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To evaluate whether shift work is associated with an increased rate of peptic ulcer in H pylori infected workers.
During a two year period, consecutive dyspeptic workers underwent non‐invasive evaluation of H pylori status by means of urea 13C breath test or stool testing. Those testing positive were included in the study and divided into two main categories: day‐time workers and shift workers. An upper gastrointestinal endoscopy was performed in all workers, and biopsy specimens were taken from the stomach to confirm the presence of H pylori infection (culture and histology).
A total of 247 day‐time workers and 101 shift workers were included. The prevalence of duodenal ulcer was significantly higher in shift workers than in day‐time workers (29 of 101 v 23 of 247; OR=3.92, 95% CI 2.13 to 7.21), and persisted after multivariate analysis, taking into account possible confounding factors (OR=3.96, 95% CI 2.10 to 7.47).
Shift work increases the ulcerogenic potential of H pylori infection and should be considered a risk factor for duodenal ulcer in infected shift workers. Treatment of infection in this high risk group may improve the health of workers and may reduce the economic impact of peptic ulcer.
Peptic ulcer disease is considered to be strongly linked to shift work including night working.1 However, most studies regarding this relationship are outdated, based on non‐standardised assessment of symptoms, and mainly relying on x ray evaluation.1 More important, no study has evaluated the role of Helicobacter pylori, the main causative agent of peptic ulcer disease.2 On the other hand, the outcome of H pylori infection is strongly influenced by host and environmental factors: in fact, although virtually all peptic ulcers are caused by this organism, only a minority of infected subjects develop the disease.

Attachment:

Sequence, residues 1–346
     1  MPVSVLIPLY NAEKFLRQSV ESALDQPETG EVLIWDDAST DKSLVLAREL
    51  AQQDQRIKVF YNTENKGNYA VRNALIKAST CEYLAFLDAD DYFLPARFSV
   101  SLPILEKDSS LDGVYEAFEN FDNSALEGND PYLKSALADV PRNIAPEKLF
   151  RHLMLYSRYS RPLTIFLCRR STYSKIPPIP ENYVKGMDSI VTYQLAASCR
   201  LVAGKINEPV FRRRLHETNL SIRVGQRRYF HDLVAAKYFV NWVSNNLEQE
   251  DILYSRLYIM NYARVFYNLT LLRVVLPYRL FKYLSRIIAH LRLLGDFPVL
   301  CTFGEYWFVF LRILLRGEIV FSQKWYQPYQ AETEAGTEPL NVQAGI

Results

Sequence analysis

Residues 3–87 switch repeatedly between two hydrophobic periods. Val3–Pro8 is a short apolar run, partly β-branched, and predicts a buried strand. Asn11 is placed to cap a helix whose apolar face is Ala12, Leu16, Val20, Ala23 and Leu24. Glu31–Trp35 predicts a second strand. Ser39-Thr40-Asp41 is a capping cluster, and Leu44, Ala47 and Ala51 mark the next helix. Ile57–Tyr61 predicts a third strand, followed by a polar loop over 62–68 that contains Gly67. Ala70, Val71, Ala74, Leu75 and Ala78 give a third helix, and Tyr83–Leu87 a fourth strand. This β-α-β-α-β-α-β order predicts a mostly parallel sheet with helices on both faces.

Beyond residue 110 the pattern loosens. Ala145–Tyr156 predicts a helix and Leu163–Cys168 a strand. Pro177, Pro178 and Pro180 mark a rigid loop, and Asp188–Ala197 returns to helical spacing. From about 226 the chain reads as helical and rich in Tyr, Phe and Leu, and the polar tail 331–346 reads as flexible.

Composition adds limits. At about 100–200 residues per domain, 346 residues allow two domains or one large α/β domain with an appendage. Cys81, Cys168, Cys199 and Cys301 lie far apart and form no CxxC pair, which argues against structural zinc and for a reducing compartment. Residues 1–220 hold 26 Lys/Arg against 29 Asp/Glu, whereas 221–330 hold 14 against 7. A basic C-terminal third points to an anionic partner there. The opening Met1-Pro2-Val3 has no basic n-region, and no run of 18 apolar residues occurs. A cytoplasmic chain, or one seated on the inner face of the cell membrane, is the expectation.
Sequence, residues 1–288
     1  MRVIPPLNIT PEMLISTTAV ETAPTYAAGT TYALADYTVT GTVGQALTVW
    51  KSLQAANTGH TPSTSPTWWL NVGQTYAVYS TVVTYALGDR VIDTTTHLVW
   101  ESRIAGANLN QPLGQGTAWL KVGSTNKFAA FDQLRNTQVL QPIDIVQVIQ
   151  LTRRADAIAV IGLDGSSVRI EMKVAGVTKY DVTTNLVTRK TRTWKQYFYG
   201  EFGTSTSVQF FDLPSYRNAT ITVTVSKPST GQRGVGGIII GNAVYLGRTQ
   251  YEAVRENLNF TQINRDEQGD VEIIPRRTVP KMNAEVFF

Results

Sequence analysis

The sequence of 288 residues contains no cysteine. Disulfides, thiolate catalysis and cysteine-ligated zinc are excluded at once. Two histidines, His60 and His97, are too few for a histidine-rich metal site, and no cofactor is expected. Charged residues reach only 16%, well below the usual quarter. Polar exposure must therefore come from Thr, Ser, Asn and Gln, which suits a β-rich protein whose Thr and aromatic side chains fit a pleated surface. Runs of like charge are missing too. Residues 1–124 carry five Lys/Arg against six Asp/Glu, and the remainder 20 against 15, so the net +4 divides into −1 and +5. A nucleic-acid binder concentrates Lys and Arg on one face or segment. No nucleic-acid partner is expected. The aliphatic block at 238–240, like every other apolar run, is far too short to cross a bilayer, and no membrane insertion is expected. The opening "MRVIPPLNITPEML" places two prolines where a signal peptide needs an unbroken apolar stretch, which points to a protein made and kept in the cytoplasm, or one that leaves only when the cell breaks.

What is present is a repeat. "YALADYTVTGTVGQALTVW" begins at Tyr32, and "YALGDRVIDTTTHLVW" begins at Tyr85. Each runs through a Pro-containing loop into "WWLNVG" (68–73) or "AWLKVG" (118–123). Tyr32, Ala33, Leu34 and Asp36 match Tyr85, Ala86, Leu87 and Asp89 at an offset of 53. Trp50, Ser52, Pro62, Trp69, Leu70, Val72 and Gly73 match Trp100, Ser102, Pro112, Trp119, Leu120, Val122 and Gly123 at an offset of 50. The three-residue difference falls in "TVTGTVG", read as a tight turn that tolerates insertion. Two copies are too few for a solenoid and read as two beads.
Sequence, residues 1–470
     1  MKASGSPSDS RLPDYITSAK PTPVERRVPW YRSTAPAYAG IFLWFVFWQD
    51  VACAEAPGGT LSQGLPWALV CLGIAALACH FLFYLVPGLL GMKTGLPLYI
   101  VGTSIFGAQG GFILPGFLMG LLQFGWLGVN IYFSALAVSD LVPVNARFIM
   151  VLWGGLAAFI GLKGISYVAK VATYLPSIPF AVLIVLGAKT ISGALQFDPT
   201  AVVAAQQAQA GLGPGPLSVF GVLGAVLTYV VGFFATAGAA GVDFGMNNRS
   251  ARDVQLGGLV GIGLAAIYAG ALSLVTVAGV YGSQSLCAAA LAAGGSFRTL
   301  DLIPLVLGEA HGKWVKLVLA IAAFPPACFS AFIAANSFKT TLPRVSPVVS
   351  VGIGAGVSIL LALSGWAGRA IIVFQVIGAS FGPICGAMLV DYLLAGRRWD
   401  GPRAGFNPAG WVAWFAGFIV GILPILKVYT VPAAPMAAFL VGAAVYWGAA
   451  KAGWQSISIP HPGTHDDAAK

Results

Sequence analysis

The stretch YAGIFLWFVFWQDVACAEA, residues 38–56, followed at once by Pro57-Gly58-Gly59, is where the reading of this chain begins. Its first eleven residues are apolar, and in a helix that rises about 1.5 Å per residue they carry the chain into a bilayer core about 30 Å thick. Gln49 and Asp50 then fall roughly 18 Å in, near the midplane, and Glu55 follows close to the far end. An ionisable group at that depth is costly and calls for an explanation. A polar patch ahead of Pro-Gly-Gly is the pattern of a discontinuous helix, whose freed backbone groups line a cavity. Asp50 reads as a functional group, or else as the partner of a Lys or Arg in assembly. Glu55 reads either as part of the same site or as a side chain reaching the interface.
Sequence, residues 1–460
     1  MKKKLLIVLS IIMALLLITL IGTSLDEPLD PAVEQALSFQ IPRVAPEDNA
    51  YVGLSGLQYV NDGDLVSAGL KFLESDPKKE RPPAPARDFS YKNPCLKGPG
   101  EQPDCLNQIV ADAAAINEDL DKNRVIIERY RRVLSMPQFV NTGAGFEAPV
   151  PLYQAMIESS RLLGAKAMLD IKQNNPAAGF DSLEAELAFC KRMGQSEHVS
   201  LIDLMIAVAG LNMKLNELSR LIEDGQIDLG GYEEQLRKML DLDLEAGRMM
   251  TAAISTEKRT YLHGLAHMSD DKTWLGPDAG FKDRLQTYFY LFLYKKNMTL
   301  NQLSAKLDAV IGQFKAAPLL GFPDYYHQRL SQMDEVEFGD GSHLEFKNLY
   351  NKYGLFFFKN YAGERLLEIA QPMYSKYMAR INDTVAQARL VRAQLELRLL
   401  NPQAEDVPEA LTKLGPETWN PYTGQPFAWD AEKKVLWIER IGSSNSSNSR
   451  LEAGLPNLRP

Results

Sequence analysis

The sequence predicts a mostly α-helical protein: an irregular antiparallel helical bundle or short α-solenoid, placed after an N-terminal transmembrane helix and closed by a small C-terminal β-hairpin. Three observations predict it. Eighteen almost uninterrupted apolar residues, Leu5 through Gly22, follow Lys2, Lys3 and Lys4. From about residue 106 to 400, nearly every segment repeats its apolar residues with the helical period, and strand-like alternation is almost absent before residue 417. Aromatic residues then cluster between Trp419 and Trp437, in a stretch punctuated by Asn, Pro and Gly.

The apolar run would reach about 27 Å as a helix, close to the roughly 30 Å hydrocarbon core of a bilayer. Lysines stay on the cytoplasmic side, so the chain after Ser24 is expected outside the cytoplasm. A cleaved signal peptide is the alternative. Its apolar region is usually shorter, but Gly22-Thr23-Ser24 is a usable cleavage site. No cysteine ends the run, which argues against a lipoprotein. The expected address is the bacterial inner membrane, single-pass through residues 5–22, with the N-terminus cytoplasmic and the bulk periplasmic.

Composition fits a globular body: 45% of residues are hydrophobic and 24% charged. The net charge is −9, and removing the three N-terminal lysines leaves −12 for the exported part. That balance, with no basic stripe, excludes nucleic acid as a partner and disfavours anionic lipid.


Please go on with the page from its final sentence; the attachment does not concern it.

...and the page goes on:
In the present study, we examined whether shift workers infected by H pylori are more prone to develop peptic ulcer disease in comparison to infected day‐time workers.
During a two year period, a pool of primary care physicians involved in an educational programme with our Institution3 selected all active workers from at least one year who had persistent dyspeptic symptoms (i.e. pain or discomfort centred in the upper abdomen for at least 4 months).
These subjects underwent non‐invasive assessment of H pylori infection with urea 13C breath test or with stool testing; those testing positive were sent to us for further evaluation. At this time, an occupational physician identified two groups of dyspeptic workers: day‐time workers; and workers on either night shifts or rotating shifts that included at least an average of four nights per month during the last year. We considered as day‐time workers those regularly working between 6 am and 730 pm from at least one year, who had no past history of shift work including night working. Night‐time work was defined as a shift including at least 3 hours between midnight and 5 am. Both groups were considered for upper gastrointestinal endoscopy. Exclusion criteria for endoscopy were: previous endoscopic evaluation, regular non‐steroidal anti‐inflammatory drug intake, consumption of proton pump inhibitors or H2 receptor antagonists during the month before endoscopy, previous x ray diagnosis of peptic ulcer, and antibiotic intake after non‐invasive diagnosis of H pylori infection. A standard upper gastrointestinal endoscopy was performed. The endoscopist was unaware of whether the patient was a shift worker or a day‐time worker. During endoscopy, three biopsy specimens were taken from the gastric antrum, and three from the gastric body. At each site, two biopsy specimens were utilised for histological assessment of inflammation and of H pylori infection, and one was utilised for culture and urease testing. Patients were considered infected if culture and/or urease testing plus histology tested positive. Details on the performance of histology and culture have been given elsewhere.4